Home Depot volunteers improve Austin veteran's home

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by JIM BERGAMO / KVUE News

Bio | Email | Follow: @JimB_KVUE

kvue.com

Posted on October 9, 2012 at 6:29 PM

Updated Saturday, Oct 12 at 12:22 AM

AUSTIN -- One home improvement company is making life a little easier for disabled veterans across the country. 

Josh Kelly of South Austin has already been honored with the Silver Star for his service to this country, yet he and his wife say Tuesday's Home Depot Foundation Celebration of Service has inspired them to help other disabled veterans.

Mulching, raking and plenty of other landscaping and home improvement projects are just the kind of projects you would expect Home Depot employees to be doing. However, these tasks weren't occurring inside some home improvement warehouse. They took place at the South Austin home of disabled veteran Kelly.

"I could hear the beeps of the backup trucks," said Kelly. "I came to look out the window, and there were people with orange shirts everywhere and everyone with a smile."

Kelly, a U.S. Army medic, suffered extensive nerve damage in his right arm and shoulder in Afghanistan six years ago.  An Improvised explosive device detonated causing a Humvee to roll on top of him.  

The local chapter of the Military Order of the Purple Heart got wind of Kelly's situation and nominated him for the Home Depot Foundation's Celebration of Service.

"Matching up guys like Josh with generous people who are trying to express their appreciation is certainly reward enough for us in the Purple Heart organization," said Milton Carr, with local chapter 19 of the MOPH.

From September 11th though Veterans Day, Home Depot employees are teaming up with non-profits all over the country to complete hundreds of service projects like this one.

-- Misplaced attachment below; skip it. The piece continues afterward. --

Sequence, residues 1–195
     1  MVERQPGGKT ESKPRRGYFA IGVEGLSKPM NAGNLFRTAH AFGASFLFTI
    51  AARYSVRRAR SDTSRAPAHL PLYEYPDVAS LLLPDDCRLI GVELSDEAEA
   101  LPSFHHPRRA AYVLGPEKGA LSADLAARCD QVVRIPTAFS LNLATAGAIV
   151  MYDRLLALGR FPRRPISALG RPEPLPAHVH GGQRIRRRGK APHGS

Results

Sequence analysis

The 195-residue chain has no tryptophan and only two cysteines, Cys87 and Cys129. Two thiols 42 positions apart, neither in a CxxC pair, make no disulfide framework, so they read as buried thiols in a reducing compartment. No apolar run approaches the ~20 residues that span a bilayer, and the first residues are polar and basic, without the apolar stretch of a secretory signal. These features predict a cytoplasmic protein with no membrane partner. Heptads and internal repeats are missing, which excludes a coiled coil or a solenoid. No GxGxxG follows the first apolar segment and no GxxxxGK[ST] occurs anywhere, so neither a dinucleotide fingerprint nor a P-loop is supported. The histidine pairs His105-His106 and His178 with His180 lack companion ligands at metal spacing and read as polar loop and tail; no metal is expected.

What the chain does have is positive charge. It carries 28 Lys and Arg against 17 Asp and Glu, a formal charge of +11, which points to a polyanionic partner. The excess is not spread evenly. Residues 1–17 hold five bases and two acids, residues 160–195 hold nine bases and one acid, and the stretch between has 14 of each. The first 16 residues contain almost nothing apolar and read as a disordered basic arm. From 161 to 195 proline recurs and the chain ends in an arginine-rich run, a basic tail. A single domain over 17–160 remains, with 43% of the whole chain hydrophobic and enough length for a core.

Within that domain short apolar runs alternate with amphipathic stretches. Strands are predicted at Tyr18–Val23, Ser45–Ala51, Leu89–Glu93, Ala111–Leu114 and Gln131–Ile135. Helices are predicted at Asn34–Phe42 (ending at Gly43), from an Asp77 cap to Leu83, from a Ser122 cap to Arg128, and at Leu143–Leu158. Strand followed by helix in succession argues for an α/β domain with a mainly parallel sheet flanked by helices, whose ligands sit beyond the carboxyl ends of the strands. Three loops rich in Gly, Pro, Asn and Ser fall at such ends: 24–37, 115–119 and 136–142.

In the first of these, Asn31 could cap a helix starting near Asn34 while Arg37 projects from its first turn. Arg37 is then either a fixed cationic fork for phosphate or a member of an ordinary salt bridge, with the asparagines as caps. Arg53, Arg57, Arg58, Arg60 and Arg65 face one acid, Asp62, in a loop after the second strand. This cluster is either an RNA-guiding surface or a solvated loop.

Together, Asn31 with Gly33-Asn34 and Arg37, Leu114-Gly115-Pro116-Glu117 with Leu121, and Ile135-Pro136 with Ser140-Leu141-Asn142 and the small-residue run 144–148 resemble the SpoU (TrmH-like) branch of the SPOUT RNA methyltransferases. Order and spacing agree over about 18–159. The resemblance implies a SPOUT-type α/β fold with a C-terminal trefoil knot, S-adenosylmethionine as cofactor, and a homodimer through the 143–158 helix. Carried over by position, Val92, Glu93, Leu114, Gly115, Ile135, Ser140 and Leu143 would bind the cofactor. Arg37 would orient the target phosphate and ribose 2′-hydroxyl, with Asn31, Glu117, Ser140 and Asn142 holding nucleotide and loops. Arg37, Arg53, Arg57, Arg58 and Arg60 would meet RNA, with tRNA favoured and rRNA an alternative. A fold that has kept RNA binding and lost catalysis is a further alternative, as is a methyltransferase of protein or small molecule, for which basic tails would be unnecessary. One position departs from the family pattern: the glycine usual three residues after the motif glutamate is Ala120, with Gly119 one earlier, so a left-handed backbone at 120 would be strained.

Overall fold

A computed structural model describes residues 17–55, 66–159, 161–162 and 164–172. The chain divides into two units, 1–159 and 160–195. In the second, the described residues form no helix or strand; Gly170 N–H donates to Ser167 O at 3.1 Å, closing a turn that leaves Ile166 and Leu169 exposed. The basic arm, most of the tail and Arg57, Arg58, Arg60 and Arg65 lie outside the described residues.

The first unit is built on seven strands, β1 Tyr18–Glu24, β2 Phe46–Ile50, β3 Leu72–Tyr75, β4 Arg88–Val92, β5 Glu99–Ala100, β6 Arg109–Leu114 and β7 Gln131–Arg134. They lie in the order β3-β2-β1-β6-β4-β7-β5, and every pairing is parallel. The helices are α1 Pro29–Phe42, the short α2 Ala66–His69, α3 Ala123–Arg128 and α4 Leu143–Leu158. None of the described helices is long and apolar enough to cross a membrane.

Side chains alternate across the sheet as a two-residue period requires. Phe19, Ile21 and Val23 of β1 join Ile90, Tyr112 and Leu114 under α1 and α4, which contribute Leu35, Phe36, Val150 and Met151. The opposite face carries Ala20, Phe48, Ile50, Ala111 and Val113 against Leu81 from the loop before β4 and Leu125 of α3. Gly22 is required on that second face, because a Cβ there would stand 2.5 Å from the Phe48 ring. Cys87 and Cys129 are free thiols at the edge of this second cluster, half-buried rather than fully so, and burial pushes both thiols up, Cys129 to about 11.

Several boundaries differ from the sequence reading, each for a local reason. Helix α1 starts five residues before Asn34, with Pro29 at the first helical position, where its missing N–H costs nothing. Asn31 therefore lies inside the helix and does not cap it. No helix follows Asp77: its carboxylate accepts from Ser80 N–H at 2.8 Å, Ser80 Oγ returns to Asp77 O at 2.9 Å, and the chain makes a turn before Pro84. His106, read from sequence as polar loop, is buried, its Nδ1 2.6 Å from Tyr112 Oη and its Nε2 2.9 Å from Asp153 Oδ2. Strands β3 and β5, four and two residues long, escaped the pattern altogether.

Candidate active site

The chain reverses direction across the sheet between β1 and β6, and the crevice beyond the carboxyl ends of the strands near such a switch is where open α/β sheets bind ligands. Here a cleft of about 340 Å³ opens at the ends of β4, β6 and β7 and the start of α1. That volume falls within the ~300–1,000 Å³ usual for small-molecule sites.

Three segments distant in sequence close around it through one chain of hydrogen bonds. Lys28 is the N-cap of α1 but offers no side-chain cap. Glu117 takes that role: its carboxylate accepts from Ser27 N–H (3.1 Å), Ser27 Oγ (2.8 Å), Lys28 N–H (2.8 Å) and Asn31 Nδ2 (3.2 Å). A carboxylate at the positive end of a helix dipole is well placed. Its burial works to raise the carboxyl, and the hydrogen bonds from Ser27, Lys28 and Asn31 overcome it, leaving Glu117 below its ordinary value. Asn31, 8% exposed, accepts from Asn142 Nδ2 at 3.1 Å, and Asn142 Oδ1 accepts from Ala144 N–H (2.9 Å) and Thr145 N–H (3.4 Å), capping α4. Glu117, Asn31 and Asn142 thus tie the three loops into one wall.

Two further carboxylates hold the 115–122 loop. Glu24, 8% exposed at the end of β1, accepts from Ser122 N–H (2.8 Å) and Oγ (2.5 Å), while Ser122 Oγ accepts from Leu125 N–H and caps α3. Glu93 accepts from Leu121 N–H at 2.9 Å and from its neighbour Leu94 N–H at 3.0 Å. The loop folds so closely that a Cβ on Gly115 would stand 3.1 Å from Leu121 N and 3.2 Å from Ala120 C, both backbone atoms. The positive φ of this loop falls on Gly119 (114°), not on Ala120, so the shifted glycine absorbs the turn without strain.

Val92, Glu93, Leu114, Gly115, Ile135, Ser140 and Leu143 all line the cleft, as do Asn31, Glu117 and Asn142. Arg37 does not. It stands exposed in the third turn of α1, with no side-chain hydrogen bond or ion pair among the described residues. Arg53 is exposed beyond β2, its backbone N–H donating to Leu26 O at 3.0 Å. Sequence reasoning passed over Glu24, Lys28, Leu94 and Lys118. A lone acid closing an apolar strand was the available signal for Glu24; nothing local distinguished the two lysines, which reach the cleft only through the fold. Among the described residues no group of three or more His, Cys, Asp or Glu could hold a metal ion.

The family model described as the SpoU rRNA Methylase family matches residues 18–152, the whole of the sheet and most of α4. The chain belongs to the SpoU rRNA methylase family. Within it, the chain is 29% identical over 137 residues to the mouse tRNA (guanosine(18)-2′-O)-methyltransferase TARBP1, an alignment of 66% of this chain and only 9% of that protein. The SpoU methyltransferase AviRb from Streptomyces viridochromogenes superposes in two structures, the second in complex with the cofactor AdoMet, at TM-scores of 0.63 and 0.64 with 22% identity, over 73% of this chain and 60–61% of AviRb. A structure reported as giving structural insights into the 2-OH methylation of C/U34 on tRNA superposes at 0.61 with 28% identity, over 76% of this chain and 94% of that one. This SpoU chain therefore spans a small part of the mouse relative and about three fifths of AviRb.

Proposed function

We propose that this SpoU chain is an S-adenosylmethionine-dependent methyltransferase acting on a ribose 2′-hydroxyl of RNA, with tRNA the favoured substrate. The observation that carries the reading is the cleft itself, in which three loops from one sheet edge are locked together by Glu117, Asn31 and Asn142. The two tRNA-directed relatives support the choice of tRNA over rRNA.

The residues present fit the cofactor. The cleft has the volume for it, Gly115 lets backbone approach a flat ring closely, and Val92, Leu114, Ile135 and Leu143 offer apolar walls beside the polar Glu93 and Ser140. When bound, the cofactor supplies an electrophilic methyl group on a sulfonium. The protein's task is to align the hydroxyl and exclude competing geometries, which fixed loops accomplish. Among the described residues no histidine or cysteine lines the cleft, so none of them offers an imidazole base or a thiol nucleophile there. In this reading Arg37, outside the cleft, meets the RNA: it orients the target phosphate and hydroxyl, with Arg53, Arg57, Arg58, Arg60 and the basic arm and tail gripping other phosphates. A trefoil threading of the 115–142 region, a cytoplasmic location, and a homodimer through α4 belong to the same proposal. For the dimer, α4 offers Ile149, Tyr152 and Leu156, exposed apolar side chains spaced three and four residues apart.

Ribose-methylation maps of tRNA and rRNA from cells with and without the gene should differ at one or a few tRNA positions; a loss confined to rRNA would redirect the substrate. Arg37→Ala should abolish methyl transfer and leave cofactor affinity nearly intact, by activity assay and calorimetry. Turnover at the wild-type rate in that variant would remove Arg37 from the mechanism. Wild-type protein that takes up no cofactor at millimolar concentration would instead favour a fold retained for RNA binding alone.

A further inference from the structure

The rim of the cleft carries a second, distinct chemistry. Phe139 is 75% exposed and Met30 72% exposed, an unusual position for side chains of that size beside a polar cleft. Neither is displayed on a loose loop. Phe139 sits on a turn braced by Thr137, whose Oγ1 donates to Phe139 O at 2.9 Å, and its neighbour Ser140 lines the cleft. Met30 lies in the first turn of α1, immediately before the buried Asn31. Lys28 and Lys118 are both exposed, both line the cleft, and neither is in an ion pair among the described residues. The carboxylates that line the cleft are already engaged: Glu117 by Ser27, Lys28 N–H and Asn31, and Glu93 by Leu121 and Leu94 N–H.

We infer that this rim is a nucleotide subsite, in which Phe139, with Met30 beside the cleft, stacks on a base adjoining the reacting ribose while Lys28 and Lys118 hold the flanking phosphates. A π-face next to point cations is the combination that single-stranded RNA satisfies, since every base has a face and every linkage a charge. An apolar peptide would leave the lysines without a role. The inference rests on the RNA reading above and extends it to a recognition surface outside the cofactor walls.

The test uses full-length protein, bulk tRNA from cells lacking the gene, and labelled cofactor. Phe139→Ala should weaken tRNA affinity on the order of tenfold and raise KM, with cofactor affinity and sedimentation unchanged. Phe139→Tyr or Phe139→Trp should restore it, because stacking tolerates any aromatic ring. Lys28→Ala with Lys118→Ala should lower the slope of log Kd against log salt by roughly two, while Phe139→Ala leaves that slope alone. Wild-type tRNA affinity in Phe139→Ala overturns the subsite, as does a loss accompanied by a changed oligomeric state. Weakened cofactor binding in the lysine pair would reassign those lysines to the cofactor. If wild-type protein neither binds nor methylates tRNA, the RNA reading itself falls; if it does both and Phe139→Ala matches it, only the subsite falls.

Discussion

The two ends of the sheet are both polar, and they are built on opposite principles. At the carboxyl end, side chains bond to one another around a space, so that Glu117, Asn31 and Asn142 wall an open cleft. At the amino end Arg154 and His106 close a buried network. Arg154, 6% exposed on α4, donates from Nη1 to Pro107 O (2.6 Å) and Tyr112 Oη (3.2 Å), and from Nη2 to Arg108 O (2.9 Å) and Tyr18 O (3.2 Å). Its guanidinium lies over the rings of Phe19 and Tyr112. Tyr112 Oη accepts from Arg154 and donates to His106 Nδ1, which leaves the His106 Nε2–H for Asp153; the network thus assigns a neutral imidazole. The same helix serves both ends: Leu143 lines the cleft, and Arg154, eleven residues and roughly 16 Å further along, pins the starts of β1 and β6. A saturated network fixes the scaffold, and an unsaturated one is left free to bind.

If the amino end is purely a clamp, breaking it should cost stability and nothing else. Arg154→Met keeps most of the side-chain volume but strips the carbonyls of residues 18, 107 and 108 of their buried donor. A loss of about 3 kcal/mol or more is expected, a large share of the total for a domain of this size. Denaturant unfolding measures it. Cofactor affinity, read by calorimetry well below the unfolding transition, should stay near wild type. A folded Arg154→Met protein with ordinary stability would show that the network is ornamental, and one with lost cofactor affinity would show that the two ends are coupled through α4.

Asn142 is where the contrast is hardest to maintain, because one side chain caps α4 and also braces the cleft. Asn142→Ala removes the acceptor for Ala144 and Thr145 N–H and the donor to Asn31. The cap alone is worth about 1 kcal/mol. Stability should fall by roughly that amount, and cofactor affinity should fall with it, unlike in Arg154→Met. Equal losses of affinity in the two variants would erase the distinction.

"Every time there is a slow moment and we are alone together, we just say, 'We can't believe this,'" said Kelly. "What is going on right now?"  

Volunteers built a wheelchair ramp in the back of the house and completed landscaping and painting projects.

"When these veterans have given up their life to serve their country, us coming out and doing some landscaping or building a wheelchair ramp is very minute," said Joe Wimberley, a Home Depot Foundation field manager. "It's the best way we can go out and really say 'thank you.'"  

"Amazing people, amazing people," said Amy Kelly, Josh's wife. "To know that there's people out there that just want to do whatever they can to help, it's inspiring."

"It's just incredible," said Josh Kelly. "The generosity and the kindness of everyone is mind blowing.  It's unbelievable."

Initially Home Depot made a $30 million commitment to the project, but it reached that goal within a year-and-a-half. Now the company has added another $50 million, meaning $80 million is now dedicated to improving the homes of economically disadvantaged veterans.

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